The geography of Israel, and the limitless innovation of its people, have made us leaders in developing technology to address environmental challenges, including climate change.
United Nations High Level Event on Climate Change
Thematic Plenary III – Technology
Address by Vice Prime Minister and Minister of Foreign Affairs Tzipi Livni
New York, 24 September 2007
Thank you Mr. Chairman.
We frequently say that globalization has shrunk space. But I think it is also true to say that it has shrunk time. Today, as never before, our decisions will have a fateful impact on the world of our children and our grandchildren.
We have never been so close to the "succeeding generations" for whom the United Nations was founded. There is no global issue for which this is more true or more urgent than the issue of climate change. It is time we all decided that tomorrow must not be the trash can of today.
In this spirit, I would like to congratulate the Secretary General for convening this High Level Event. I sincerely hope that this meeting will serve as a catalyst for decisive multilateral action on an issue that concerns us all.
My country is usually in the news on issues of peace and war. But the geography of the Holy Land, and the limitless innovation of its people, have made us leaders in developing technology to address environmental challenges, including climate change. You may not always see it on television, but the same people who made the desert bloom, are now devoting their energies and inventiveness to new environmental technologies – and we are eager to share our success, as well as the lessons learnt from our failures.
For Israel, necessity has long been the mother of invention. We are not blessed with oil or gas reserves or abundant natural resources. And water, for us – as for our neighbors – is a precious commodity. But these limitations have been turned into opportunities.
Israeli farmers can use saline water to grow sweet cherry tomatoes. Israeli technicians are building one of the largest solar power plants on the planet. Seventy five percent of Israeli homes have solar water heating. And Israel’s Standards Institute, together with the Ministry for Environmental Protection, has issued a standard for green building which is now being adopted by private and public developers.
These and many, many more innovations have made Israel a true laboratory for cutting edge environmental technology.
We have much, much more to do but we also have a great deal to offer, especially to developing countries in a variety of crucial fields, such as:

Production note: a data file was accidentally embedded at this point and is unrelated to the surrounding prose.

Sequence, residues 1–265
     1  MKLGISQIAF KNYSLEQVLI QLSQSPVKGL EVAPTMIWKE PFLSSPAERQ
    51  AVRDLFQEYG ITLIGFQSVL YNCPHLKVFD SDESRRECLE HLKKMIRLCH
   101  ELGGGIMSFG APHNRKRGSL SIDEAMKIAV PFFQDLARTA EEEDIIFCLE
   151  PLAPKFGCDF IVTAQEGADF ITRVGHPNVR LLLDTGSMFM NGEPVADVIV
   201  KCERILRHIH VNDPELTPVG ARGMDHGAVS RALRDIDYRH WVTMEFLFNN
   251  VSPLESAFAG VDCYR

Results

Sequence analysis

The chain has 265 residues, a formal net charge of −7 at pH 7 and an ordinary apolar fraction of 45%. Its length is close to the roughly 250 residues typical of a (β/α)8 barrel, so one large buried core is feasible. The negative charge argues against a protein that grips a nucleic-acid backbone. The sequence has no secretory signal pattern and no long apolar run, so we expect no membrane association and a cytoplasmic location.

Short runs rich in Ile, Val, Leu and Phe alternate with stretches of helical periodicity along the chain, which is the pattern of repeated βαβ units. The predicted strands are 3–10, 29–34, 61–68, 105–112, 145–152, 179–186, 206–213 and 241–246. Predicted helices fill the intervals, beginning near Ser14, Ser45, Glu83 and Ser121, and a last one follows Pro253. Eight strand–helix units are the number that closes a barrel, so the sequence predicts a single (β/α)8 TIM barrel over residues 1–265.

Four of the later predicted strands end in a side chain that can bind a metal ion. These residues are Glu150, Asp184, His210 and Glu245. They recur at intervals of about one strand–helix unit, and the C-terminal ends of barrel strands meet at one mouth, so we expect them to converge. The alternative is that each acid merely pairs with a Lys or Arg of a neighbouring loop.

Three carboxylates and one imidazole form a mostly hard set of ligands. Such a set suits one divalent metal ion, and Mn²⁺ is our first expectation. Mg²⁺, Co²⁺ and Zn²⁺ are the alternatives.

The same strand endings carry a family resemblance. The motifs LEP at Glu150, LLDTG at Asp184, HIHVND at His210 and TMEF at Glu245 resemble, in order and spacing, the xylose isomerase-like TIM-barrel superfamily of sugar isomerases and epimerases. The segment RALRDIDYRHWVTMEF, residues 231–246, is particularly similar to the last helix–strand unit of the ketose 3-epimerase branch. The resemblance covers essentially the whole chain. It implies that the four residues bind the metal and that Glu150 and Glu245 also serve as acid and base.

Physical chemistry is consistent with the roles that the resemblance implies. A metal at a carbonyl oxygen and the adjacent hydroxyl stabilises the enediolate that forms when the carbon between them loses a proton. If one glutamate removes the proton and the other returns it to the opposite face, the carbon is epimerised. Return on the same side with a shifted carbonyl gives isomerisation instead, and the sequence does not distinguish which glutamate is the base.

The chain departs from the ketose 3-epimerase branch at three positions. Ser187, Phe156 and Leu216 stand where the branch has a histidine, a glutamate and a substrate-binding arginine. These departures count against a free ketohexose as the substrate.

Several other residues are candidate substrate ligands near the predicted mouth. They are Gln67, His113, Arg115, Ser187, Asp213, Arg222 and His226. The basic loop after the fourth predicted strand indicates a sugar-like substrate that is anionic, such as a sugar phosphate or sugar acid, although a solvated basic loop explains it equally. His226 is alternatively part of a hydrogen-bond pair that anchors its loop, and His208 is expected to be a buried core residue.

- providing healthy food for an increasing population without depleting or destroying our natural resources.
- creating ground-breaking methods for water conservation, including the re-use of treated effluents in agriculture.
- developing alternative sources of energy, particularly in solar and geothermal technologies.
- and, more recently, widening our activities in ‘clean-tech’, and expanding our role in renewable energy, energy efficiency and conservation.
Many of these developments will be on display at an international exhibition Israel is holding on water and environmental technologies at the end of October this year (WATEC) – and we hope that many of you will join us there.
In this spirit too, Israel, together with partner countries, is introducing a new resolution at this year’s General Assembly entitled "Agricultural Technology for Development". The resolution focuses on the need for partnership with the developing world to promote agricultural technologies that will fight hunger and poverty in environmentally sustainable ways. We invite all states to join us in this important initiative.
As the Secretary General has said, no country can overcome the challenge of climate change alone. Progress in one state can easily be undone by lack of progress in another. Never before has the need for global partnership been so pressing. Never before has the need to share knowledge and technology been more important.
Developing the technology is, of course, only part of the challenge. We must find ways to share it and apply it safely, effectively and efficiently across the globe. Global warming transcends borders and none of us will be spared its effects if we do not act. And so, our cooperation in overcoming this challenge must transcend borders and conflicts as well.
Later today, I am going to attend an event celebrating a water desalination research facility that has been operating in Oman since 1996. This facility brings together scientists from Israel, Oman, Morocco, Algeria and across the Arab world to solve problems that are common to us all. It is a symbol of what is needed to overcome the challenges of climate change – cooperation across borders and across cultures to make a safer and better future.
With this kind of vision and determination we can turn the climate change issue from a problem into an unprecedented chance to improve our world. We can – if we have the will – transform a threat to our planet into an opportunity for our divided world to unite and create for our children a sustainable and brighter tomorrow.